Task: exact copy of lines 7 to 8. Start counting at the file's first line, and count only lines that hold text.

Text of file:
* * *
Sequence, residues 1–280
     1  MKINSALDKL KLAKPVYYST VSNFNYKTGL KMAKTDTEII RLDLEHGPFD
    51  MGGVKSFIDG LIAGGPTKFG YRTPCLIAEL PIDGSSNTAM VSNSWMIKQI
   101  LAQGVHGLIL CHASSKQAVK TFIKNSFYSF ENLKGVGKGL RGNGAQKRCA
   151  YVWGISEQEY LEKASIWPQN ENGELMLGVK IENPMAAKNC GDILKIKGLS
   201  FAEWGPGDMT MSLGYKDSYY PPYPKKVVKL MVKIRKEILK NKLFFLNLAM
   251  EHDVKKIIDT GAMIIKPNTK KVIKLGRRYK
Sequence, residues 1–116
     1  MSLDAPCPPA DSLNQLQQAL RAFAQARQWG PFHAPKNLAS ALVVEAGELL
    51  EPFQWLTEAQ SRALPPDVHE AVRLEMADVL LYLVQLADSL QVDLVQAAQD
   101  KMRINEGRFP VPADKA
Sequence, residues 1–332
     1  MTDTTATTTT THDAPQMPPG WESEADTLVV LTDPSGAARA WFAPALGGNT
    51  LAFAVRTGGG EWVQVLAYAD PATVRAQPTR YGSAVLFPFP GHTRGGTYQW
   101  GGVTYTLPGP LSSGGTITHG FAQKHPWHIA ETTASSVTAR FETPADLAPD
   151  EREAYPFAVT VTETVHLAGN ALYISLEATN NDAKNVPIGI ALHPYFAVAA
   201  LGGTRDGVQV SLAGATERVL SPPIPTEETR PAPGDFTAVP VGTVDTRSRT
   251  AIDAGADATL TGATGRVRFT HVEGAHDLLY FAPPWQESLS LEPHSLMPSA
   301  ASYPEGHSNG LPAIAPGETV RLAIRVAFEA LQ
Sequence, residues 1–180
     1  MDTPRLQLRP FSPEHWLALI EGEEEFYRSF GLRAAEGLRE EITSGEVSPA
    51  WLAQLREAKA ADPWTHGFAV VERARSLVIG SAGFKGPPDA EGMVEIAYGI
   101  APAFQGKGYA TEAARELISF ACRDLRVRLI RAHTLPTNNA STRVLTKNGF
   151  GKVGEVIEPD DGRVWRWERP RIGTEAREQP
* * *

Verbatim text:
   251  EHDVKKIIDT GAMIIKPNTK KVIKLGRRYK
Sequence, residues 1–116